Springfield, MA – As COO of Pinck & Co., Inc., Susan Grealy implements growth strategies and leads the firm’s day-to-day business operations, including its technology, finance, human resources, marketing, and administration functions. Previously, she was a business owner, CFO, and vice president – to name a few.
Now she is taking on a different kind of leadership role — one in which she is helping women transition out of poverty and into the workforce.
Devoting time each month as a volunteer mentor for Dress for Success (DFS) of Western Massachusetts, Grealy provides one-on-one job training and life skills coaching. She works with her mentee to develop self-confidence, identify career interests and goals, and find viable employment.
Programs and services provided by DFS include professional suiting, interview coaching, career counseling, networking, job retention skills, and mentoring.
“It’s an honor,” she said, “to be part of a devoted network of volunteers who help women turn their lives around and achieve economic independence.”
When Grealy first learned about DFS’s Margaret Fitzgerald one-on-one mentor program, she knew she wanted to get involved. “DFS is proof that one shared mission can reach across language and culture to help better the lives of women in our backyard, throughout the United States, and in many corners of the globe,” she said. “Speaking for myself and on behalf of Pinck & Co., we are proud to be part of an organization that has been empowering women for the past 20 years.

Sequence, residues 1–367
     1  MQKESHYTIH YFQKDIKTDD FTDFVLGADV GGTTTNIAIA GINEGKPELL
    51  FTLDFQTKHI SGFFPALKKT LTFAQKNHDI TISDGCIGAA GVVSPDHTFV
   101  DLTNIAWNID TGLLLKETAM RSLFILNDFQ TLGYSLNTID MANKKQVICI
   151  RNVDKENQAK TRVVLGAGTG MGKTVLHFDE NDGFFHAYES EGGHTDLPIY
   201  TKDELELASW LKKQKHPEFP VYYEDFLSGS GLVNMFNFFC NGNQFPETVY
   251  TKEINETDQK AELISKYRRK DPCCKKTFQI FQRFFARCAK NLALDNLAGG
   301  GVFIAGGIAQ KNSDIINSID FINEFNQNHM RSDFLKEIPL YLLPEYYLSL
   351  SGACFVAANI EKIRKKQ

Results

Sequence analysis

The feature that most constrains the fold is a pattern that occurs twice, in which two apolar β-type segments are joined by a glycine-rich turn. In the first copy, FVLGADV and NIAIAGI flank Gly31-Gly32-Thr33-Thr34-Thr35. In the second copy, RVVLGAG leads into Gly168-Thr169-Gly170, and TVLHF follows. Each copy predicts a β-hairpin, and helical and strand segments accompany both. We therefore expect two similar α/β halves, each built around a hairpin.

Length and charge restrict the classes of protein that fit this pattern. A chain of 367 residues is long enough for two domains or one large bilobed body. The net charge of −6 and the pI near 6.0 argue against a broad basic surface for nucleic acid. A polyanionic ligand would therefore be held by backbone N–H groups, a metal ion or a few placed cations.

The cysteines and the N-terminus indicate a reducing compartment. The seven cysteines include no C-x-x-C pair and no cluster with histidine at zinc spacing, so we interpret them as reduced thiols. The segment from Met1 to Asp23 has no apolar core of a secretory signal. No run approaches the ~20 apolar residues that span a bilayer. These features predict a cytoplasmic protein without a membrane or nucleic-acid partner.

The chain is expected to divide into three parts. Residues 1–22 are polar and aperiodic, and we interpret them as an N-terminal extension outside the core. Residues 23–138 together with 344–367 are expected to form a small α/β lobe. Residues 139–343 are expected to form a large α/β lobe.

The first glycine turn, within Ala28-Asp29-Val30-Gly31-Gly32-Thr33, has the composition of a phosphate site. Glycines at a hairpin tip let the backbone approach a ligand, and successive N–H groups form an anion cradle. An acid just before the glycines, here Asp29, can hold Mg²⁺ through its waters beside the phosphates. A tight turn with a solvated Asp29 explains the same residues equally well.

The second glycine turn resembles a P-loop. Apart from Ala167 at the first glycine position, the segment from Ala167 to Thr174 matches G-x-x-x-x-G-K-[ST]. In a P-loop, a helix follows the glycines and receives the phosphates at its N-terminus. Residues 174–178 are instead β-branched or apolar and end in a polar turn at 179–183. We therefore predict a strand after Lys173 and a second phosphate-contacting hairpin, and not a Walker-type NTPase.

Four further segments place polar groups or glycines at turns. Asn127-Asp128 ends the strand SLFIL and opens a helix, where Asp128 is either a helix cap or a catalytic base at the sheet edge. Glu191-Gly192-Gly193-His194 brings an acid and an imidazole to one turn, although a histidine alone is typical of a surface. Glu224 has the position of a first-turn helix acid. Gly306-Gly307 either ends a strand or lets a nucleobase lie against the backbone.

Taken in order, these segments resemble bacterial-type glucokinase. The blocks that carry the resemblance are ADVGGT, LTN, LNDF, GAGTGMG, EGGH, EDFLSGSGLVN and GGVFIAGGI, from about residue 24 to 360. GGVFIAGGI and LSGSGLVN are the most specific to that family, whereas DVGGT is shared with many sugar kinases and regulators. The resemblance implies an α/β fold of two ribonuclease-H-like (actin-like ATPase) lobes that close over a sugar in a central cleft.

“With Pinck having an office in Springfield and a growing client base in Western Massachusetts, becoming a volunteer with DFS Western MA,” she pointed out, “was a natural fit for me and a meaningful way for the firm to give back to the community.”
Margaret Tantillo, executive director of Dress for Success Western Massachusetts, said, “We are thrilled to have Susan join our affiliate. Her leadership skills, extensive business knowledge, and compassion and focus are tremendous characteristics in a mentor.”
Tantillo explained that poverty often affects women the most, and its effects on them and their families can be long-lasting. Addressing women’s needs is central to improving the quality of life for not only that woman but also her family, future generations, and her community.
“DFS works with women who, for a variety of reasons, are unemployed or underemployed. Buying outfits for the workplace is a daunting ordeal and a financial hardship,” she said. “DFS works one-on-one with our clients to help them look their best, but more importantly we provide training and job skills, and prepare them holistically for the workplace.”
“From organizing our many different events to collecting and organizing wardrobes, to one-on-one mentoring, it’s our dedicated volunteers who make all of our success stories possible,” said Tantillo.